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In its last phase it attempted certain social legislation to ban certain religious, cultural practices but by and large it was focused on the business activities, exploitation of Indian market and natural resources in India, destruction of indigenous trade activities. To carry on these duties East India Company had its military personnel as well civil officials to perform civil duties including judicial functions. East India Company coined the term ‘Civil Service’ to distinguish officials performing civil duties from Military/armed services. Administration under direct authority of British Crown It is after the first war of Independence in 1857 that the Crown started direct rule in India. Since then it evolved a systemic construction of Steel Framework of Indian Bureaucracy under colonial control. Development of Railways, Post and Telegraph, Revenue system, educational system were especially designed to serve the colonial purpose. The government was interested in the collection of taxes, maintenance of peace and law and order. In the words of Prof. Fadia “role of bureaucracy was mainly negative, i.e., it performed regulatory functions and made all efforts to crush people/s movement for independence.” Following are the some of the landmark developments of this period in the course of evolution of Civil Service in India. • Macaulay Committee Report (1854) provided the philosophical

foundation for the Indian Civil Service. The Aitchison Report (1887) was instrumental to develop the basic structure of Civil Service in India. Till 1892 Civil Service in India was called ‘Indian Covenanted Civil Service’. The Report renamed it as Indian Civil Service and also created provincial civil service and Subordinated Services.

• All India services constitute highest echelons of bureaucracy in

British India. Officers belonging to these services were directly under the Secretary of State of India and His Council. His services were entirely protected by the Secretary of State of India. Even his salary, pension, etc. were not subjected to the vote of any Indian legislature.

• With increasing responsibilities and growing pressure of

governance some new services were created. In the year 1892, the Indian Service of Engineers and the Indian Veterinary service were created. In 1897, the Indian Military Service; in 1905 Imperial Police; in 1906 the Indian Education Service and; in 1907 Indian Agricultural Service was established. According to the Lee Commission in 1924 there were eight all-India services at that time with total staff of 4,278 personnel.

• By the end of the first quarter of twentieth century amidst the

development of Indian freedom movement Indianization of the

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higher civil services gained momentum. Under the Government of India Act of 1919 responsible government was introduced in India. It worked as catalyst to bring changes in the political milieu of the country. Thus growing criticism of individual members of the Services by questions in the Provincial and the Central Legislatures, the ‘ignominy’ of working under Indian Ministers in the provinces, the Non-cooperation Movement of 1920-1922 putting the officers and their families in personal discomfort, the insufficiency of salaries due to the high level of prices prevailing in the wake of the First World War resulted in the early retirement of many British officers from the Services. Lee commission in its report recommended abolition of certain All-India services, particularly those dealing with departments that had been ‘transferred’ to Indian hands. These departments were Indian Educational Service, Indian Agricultural Service, Indian Veterinary Service, and the Roads and Building Branch of the Indian Service of Engineers. It further recommended retention of Indian Civil Service, Indian Police Service, Indian Forest Service, Indian Medical Service and the Irrigation Branch of the Indian Service of Engineers.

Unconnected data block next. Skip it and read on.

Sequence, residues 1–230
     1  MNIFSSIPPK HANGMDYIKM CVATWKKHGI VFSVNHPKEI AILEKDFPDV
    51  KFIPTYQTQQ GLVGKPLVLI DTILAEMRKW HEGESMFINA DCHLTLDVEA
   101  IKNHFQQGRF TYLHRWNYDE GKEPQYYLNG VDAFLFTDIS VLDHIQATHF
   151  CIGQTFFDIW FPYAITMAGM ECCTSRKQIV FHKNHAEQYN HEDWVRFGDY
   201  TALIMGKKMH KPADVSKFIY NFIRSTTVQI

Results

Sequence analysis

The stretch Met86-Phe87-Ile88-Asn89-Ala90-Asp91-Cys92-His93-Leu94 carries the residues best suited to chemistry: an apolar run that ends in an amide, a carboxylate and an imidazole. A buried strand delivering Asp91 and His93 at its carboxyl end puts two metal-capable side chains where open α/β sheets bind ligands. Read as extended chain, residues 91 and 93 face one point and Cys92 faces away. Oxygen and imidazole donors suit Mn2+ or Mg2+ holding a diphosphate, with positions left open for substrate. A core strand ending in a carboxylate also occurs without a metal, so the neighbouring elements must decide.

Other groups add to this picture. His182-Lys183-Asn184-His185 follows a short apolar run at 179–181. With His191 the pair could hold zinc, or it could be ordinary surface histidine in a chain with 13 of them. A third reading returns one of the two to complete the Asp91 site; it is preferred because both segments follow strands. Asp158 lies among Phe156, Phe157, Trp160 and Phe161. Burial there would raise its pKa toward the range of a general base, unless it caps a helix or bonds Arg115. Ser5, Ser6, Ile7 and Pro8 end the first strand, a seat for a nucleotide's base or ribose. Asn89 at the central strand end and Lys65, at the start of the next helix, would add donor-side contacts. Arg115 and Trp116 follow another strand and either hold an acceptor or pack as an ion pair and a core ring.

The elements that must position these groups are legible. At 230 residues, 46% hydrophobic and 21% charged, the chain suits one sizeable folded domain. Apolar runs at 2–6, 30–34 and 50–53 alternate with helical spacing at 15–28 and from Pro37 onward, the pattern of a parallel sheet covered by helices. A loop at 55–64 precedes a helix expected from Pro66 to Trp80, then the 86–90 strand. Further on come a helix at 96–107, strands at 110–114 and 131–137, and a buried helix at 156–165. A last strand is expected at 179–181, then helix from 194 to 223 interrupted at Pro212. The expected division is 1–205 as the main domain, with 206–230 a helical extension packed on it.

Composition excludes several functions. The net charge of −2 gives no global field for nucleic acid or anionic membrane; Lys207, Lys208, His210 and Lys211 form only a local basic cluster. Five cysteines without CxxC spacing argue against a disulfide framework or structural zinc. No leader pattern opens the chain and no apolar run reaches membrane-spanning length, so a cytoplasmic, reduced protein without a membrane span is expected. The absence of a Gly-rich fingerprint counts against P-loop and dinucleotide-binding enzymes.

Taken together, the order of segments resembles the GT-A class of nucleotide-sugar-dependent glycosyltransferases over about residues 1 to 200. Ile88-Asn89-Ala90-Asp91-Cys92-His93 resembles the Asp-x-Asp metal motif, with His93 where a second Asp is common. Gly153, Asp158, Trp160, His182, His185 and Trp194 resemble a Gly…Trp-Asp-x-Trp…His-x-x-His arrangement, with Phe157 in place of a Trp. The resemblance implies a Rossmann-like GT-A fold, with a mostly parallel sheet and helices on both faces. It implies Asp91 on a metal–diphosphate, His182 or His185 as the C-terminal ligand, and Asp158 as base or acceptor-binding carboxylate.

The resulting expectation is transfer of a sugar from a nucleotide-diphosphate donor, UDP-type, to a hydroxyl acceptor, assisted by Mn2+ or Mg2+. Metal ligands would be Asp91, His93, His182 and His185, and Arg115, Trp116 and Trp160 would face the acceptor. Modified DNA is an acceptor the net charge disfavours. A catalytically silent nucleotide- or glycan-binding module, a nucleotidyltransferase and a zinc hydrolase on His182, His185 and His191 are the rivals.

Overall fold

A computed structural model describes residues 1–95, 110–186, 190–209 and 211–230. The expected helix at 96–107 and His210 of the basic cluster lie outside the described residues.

The Government of India Act of 1935 further brought important reforms in the nature of the higher civil services. The Act strengthened the federal machinery. Though Indian public opinion was in favour of dismantling all the All India Services, but the act retained two services i.e. I.C.S. and I.P.S and thus maintained the ‘steel frame’ as it is. In order to maintain firm grip over Indians, British Government offered all kinds of favours, privileges and concessions to the public services in India, especially All India Services. Same protection was continued to these services in the provisions of the 1919 Act, 1935 Act. Their interests were guarded by the Governor General of India. As a matter of fact, the introduction of limited responsible government in 1920 and its extension in 1937 had been marked by frequent clashes between the Indian ministers and the British officers. Protective measures for the services were continued in the Indian Independence Act of July 1947. Thus despite the protest by some members in the Constituent Assembly, the government of independent India provided in the Constitution of India the protection of the rights of the.existing officers of the Indian Civil Services. Check your progress 1 Motive of the East Indian Company Administration in India was ................................................................................................... 2 British Administration in colonial India was welfare oriented. True/ False 3 All India Services under British Crown were (Mark the right option)